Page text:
There’s a real child-like excitement and anticipation to being immersed in something. I think of standing outside a venue, hearing bits of music going on inside, with wisps of haze creeping through the doors then walking into an entire room where you are transported somewhere else. Even if that somewhere else, in this case, is still a church, it’s lit and presented in a way you’ve likely never seen before. It’s a whole new experience.

In this piece, the audience can walk around the black hole – they are in orbit around it and for each of them, the black hole is consuming their time, time they won’t get back. I’m waiting for technology to be able to simulate gravitational pull, then I can make it really immersive and hyper realistic!

What can people expect from the soundtrack which accompanies the light show? 
The music is a 30-minute long track formed of music from a few of my releases, Behind The Clock, Divide By Zero and Spherical Prizm. The soundtrack also contains newly composed sections as well as music from my final Behind The Clock works which will be released in 2022. Combined, it’s formed from long, dark and foreboding drones and soundscapes, sparkling star effects, dystopian and deep basses and it ends with a lovely spiritual piece composed in an orchestral and choral style. There’s quite the musical rollercoaster.

Visually, the lasers are synced directly to the soundtrack and run on a timecode because the laser effects need to hit the musical points perfectly. Other lighting effects are controlled manually, and I’ll be running the show like any other live event from a traditional lighting desk. Rather than playing musical instruments live, I’m playing the lighting!


With the welcomed return of live events, do you think it’s important to maintain attention on those working behind the scenes in the industry?
Absolutely. So much of the entertainment industry is built on freelancers/self-employed and casual staff and you don’t need me to reiterate the lack of support provided to this industry over the past two years – it was all over the news and social media. As a result, PLASA (Professional Lighting & Sound Association) started the #WeMakeEvents movement to raise awareness for those behind the scenes who do literally make events happen. Without lighting, a show would be very dark; without sound, it would be very quiet; and without the crews, tour trucks wouldn’t be unloaded and stages wouldn’t be built.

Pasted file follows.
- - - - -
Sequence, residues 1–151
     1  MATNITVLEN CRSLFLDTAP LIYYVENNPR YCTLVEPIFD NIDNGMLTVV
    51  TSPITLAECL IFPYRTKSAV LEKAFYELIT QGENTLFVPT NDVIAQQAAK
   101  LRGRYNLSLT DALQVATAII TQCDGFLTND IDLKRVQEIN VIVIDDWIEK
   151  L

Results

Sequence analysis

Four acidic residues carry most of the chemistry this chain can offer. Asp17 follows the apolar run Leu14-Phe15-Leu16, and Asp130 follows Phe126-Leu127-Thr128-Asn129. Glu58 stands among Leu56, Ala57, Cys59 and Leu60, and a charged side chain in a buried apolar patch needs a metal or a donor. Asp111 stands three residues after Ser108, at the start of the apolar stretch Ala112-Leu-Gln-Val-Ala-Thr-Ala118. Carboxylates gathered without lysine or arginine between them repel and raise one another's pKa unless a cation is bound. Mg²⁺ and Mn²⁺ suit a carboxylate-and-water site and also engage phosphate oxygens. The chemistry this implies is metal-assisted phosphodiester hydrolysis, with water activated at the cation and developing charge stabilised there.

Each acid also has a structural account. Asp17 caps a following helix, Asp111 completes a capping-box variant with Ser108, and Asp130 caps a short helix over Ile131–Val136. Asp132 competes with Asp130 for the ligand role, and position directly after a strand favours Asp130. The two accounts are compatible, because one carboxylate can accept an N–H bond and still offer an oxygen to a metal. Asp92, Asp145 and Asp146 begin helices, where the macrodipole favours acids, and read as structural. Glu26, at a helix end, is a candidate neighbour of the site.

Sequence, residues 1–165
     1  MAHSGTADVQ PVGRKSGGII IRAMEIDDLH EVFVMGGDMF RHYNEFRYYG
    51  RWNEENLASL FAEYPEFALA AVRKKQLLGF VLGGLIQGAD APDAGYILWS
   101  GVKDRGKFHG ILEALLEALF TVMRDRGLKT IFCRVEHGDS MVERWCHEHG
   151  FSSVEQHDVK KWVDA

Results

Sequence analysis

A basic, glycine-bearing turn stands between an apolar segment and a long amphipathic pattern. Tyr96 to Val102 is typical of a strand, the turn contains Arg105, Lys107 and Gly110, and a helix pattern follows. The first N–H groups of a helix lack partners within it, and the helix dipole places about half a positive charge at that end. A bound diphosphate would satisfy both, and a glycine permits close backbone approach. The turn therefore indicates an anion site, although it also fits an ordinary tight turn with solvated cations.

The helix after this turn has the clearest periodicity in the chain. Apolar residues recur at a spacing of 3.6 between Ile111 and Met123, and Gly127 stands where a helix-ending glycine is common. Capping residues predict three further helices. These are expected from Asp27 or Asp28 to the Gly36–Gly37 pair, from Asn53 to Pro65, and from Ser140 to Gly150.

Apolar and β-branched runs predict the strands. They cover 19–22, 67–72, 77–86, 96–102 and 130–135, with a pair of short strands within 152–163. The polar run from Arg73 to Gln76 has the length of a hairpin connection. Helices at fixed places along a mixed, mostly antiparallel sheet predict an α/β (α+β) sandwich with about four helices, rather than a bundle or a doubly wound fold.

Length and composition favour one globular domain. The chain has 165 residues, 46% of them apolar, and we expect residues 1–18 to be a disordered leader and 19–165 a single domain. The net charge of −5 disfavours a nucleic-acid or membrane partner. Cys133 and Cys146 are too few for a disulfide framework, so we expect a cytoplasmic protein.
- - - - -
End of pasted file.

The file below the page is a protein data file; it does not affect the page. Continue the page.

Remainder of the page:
The entertainment and live event industry is a significant contributor to the UK economy and throughout the lockdowns it absolutely was not supported and protected as it should have been.

#WeMakeEvents spearheaded the movement but the charities it raises money for, for example BackupUK, help to support all those people an audience never sees through times of ill health and financial difficulty, and I hope that the money raised through this event helps to contribute, even just a little bit, to the work they do and the support they offer.

I should, at this point, thank Old Christ Church for asking me to put this event on. It was originally planned to be a kind of antidote to lockdown – a public event to get out of the house again, but it has turned into much much more. So while the event is supporting #WeMakeEvents, half of the donations are also going to The Church Conservation Trust to help keep venues like Old Christ Church open as a community venue. Architecture like this needs to be saved and enjoyed.

What do you hope people take from the piece?
Primarily, I just want people to enjoy it and I want it to be an experience they’ve not had before. And for any young people that come, I want them to experience the same excitement and wonder I did as a kid. I think when I was a kid, if I’d have gone to an event like this, I would have exploded! I want them to experience new music, new visuals, new effects and above all a memorable event and one they want to relive again.

I hope also the event gets #WeMakeEvents more well-known and when people see it crop up on Instagram, they give their posts a like or a share. If it weren’t for designers, technicians and crew, these events would never happen and they’d have nowhere to go on a cold November evening!

Black Hole – End of Time will run from 4-10pm at Old Christ Church in Waterloo on Saturday 27th November. Details of the event can be found here.